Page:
In line with getting higher CTR, your webpages that have event schema markup implemented can also enjoy higher traffic. Events platform Eventbrite is one of the strongest cases for event schema markup boosting traffic. They saw a 100% increase in the year-over-year growth of traffic from Google to their event listing pages.
Allen Jilo, an Eventbrite product manager, said that they saw a “visual difference in event search results on Google” within two to three weeks of event schema markup implementation.
Google Product Manager Aylin Altiok and Senior Engineering Manager for Google Search Will Lescszuk delivered a talk in Google I/0 2019 about the importance of structured data in improving the user search experience. In that talk, they mentioned that their motivation for schema markup was to be able to optimize content for both voice and search.
When you use event schema markup, you do not have to create two separate experiences to optimize for text and voice search. Apply it once and you can reach a bigger audience.
Google reported that voice made up 20% of searches in their app, and that was back in 2016. With digital voice assistants in use expected to reach eight billion by 2023, now is as good a time as any to start optimizing your event pages with schema markup.
Event schema markup can be used for a wide range of events, but there are still limitations that you need to respect if you don’t want to be penalized.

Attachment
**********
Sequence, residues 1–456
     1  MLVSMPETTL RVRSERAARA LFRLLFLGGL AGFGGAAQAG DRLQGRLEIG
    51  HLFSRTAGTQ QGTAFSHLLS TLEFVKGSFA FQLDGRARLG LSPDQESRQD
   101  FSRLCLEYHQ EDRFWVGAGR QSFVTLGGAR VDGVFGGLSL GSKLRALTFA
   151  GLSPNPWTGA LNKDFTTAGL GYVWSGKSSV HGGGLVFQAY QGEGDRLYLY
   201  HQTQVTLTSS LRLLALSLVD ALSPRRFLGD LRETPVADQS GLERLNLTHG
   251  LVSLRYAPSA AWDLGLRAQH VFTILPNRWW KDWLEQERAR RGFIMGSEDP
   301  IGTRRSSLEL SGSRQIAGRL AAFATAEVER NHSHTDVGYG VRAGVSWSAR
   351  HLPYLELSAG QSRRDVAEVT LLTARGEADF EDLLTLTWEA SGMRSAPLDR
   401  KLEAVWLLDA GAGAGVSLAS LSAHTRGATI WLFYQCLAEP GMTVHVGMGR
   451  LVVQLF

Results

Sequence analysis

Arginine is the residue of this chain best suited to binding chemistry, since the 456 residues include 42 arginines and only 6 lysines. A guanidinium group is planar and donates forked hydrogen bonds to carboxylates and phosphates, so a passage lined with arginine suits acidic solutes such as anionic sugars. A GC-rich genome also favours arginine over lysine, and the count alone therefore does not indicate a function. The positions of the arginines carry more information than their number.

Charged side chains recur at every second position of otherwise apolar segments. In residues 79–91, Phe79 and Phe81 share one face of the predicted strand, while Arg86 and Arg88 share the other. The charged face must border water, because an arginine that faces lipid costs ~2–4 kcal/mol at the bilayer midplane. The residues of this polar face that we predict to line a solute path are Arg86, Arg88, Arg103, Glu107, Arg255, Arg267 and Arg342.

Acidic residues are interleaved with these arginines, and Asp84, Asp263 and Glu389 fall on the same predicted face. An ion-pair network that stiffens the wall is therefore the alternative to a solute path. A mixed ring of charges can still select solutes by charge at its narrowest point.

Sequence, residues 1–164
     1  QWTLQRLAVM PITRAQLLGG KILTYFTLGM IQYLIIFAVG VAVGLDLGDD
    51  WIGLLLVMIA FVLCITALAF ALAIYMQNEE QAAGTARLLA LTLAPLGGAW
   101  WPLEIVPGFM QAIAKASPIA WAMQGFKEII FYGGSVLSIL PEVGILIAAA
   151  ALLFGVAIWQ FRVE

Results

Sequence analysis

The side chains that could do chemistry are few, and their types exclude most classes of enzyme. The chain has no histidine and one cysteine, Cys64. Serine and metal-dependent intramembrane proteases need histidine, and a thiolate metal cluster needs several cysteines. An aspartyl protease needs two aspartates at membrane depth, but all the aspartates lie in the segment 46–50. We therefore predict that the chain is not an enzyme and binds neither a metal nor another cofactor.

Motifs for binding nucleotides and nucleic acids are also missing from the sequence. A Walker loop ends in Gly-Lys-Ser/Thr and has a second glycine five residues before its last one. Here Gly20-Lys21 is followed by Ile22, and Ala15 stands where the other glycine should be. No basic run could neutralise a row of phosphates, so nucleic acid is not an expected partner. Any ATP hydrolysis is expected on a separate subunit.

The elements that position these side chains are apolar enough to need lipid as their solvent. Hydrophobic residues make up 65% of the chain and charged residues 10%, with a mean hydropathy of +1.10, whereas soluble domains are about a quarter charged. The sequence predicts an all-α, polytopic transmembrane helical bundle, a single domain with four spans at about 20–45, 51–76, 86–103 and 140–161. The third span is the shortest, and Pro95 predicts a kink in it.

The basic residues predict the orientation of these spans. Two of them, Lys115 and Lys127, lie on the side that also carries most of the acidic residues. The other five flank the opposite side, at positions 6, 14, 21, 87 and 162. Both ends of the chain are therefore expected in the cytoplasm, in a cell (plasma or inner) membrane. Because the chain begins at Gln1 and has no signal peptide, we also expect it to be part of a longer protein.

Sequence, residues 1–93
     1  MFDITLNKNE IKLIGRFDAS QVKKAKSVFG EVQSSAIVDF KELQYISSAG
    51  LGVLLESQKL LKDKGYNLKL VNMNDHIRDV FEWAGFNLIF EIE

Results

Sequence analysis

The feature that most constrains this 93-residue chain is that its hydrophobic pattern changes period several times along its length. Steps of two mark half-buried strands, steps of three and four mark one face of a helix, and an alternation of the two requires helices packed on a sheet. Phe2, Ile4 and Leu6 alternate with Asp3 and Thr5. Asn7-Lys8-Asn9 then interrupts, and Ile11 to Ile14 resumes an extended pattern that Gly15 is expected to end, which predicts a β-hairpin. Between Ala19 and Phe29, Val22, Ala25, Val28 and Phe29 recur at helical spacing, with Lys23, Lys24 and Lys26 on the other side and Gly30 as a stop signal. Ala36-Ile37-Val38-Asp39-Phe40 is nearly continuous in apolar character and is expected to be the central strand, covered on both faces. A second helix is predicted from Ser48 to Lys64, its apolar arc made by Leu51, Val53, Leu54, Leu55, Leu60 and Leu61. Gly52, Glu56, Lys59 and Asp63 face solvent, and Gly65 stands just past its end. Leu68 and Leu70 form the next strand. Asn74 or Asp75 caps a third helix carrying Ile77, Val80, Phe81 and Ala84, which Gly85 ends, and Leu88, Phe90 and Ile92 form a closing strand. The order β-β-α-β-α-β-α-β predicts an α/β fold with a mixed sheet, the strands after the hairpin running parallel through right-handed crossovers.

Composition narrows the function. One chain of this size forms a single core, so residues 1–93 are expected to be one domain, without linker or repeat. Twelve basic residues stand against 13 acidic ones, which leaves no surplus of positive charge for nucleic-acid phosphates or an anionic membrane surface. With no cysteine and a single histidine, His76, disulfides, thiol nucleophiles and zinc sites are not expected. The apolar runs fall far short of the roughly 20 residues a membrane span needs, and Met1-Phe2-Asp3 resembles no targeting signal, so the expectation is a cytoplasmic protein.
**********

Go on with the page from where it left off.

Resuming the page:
The event types that you can markup include:
You can also mark up a series of multiple events that have a connecting theme.
Do not markup business hours and promotions such as vacation packages, limited-time discounts, and coupons as events. Doing so runs the risk of your entire website being disqualified from showing rich results for any of your content.
First of all, you need to make sure your event pages can be crawled by Googlebot. If you use robots.txt or robots meta tags, they should allow Googlebot to index your event pages.
You should then implement schema markup in your event pages. Google only supports rich results for pages that feature a single event, so you should have individual pages for each of your events.
There are three properties that an event page’s code needs for the page to show rich results on Google.
The following properties are not required, but they allow for more customization of rich results and a better overall user experience:
There are generally three ways to add event schema markup:
The simplest method to add this code to your site is to use Google’s Structured Data Markup Helper.
In the Enter Page section, select “Events” and type or paste the URL of the events page you want to markup on the bottom bar and click on Start Tagging.